Coming from very little advantages will not determine ones success in life. Very little advantages means not always having the best education or resources. Also meaning the environment may not be the best or the safest to live in at times. Coming from a low class does not determine whether you will fail or be successful in anything that a child does coming from very little. Children coming from little advantage miss out on an amount of things.
Every student goes through some good and bad teachers. A few select teachers have the power to engage students on a completely new level. This gives the student an automatic confidence boost and the wanting to succeed in the subject. I have had the opportunity to experience one of the best. Pete Tarnish was an outstanding teacher who was able to communicate well with his students, care deeply about them, and be a great family man.
This bought on Marketisation where schools try to attract other students by raising standards to show they are most successful. On the other hand, sociologists disagree as most educational reforms have not helped all students, only some or wasn’t very effective enough to help improve educational experiences. For example, the Foster Act wasn’t very helpful as the teaching was dire and students were less successful therefore resulted them in having weak qualifications and bad experiences. The Butler Act system with the 11+ exam was mostly based on middle class children therefore they had a better chance than working class. This was unequal as they had an advantage even though the test was the same.
It appears that testing is a waste of time, but in reality, it prepares students for future success. Another question that occurs is: What are students gaining from these different tests each year? Many people debate whether the No Child Left Behind Act (NCLB) is considered to be pointless. Maybe these tests are teaching students accountability and responsibility, two vital tools for success in life. Within in the article, “No Child Left Behind: Test-Obsessed Education Won’t Move Us Ahead” the author, David Marshak, slashes the No Child Left Behind Act.
Morgan Smith Teacher Cadet 3/11/11 Teacher Cadet We all experience people who have had a positive influence on us in our life. Whether it’s a parent, grandparent, boss, or teacher we all have someone who has helped us. Most people are very thankful for those who have made an impact in their lives. Although I have many in my life, I have one who made me a better student today and taught me an important lesson. My sixth grade teacher, Mrs. Williams had a positive influence on me.
I always received good grades in elementary school. I had admirable teachers and the work was easy. My teachers were also flexible when it came to turning in work. I thought that middle school would be exactly the same. I was in for a big surprise.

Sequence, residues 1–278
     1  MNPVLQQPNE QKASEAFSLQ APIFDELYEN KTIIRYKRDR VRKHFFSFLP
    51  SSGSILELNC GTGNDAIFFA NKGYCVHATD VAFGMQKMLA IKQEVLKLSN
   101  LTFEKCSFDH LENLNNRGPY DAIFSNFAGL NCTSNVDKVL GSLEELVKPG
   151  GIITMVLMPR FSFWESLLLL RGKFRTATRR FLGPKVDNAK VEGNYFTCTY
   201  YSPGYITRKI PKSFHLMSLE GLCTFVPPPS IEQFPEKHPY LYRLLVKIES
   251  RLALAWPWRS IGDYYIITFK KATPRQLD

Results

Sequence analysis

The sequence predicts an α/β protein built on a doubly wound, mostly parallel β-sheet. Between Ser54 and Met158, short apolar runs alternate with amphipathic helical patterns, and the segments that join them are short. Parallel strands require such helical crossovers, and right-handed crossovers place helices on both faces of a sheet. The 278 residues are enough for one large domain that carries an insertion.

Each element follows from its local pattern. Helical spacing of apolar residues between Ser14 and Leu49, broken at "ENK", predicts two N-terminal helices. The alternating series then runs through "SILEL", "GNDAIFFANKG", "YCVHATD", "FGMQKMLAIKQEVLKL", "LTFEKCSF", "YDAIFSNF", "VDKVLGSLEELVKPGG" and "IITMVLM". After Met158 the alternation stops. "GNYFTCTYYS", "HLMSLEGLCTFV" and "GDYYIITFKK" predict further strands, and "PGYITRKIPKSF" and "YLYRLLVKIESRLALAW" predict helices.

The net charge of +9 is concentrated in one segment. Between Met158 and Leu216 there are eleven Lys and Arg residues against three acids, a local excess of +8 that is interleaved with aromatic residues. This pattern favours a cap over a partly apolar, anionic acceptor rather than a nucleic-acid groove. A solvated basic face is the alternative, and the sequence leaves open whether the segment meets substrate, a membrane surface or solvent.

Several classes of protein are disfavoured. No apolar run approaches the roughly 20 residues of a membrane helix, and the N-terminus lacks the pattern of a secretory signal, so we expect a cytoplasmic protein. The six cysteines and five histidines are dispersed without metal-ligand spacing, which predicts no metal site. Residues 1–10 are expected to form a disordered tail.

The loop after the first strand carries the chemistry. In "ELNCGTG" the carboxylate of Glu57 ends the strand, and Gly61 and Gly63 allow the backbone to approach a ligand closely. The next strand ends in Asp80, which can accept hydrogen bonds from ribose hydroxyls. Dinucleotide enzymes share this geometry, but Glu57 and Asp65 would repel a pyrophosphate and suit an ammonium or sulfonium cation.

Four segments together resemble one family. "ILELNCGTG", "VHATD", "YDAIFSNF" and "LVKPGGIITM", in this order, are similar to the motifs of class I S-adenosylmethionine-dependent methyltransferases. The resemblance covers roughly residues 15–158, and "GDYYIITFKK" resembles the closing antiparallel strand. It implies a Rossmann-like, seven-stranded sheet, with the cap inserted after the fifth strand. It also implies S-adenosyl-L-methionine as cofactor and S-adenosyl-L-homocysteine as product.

The book indicates that a single-parent “has been demonstrated not to affect children’s cognitive and emotional functioning (Foster & Kalil, 2007). However, I believe that conflicts found in a single-parent household may not be linked to the parent who has raised their children, but they can be associated with other things related to single parenting. Normally when there is only one parent, the family is often less financially stable which is the main reason for many family problems. Also, lower education levels and lower economic achievements have been associated with effects of coming from a low income family. It is also true that these children are less supervised because they don’t receive the time and communication from their parents.
Yet without school rules being constantly pushed onto the children, there is no clear concept of punishment of any kind for an action. At such young ages, children do not have a full understanding of what is acceptable in society but still know that there is punishment in the world around them. With no one to direct the children about what decisions are acceptable in society, choices are made by free will. This degree of freedom is tremendous, and can be even more burdening than a society with a strict structure. While the common conception is that free will is glorious and without error or care, the opposite is true.
Parents who are authoritarian do not expect their children to question why they say the things they say. They are very into social status, and obedience in their children. They like for their children to have a structured environment, providing minimal emotional support towards their offspring. Children who come from a house with authoritarian parents tend to be average in school and show no signs of problem behaviors. These children, however, have poor social skills, and show signs of low self-esteem, while having high levels of depression (Partner, 2009).
With students not having to worry about their looks, fitting in not longer becomes the main worry in kid's lives. School uniforms may also provide a way out for poor children who otherwise couldn't keep up with the trends and would face ridicule or pressure from other children. * On the same note, while the initial investment to get school uniforms may be high, children can then wear the same outfit without having to worry about owning a large change of clothes. Uniforms are usually made out of durable, easy-to-care for materials that do not require frequent replacement. CONS * School uniforms may hinder self expression through clothing, forcing children to find other ways to put across who they are.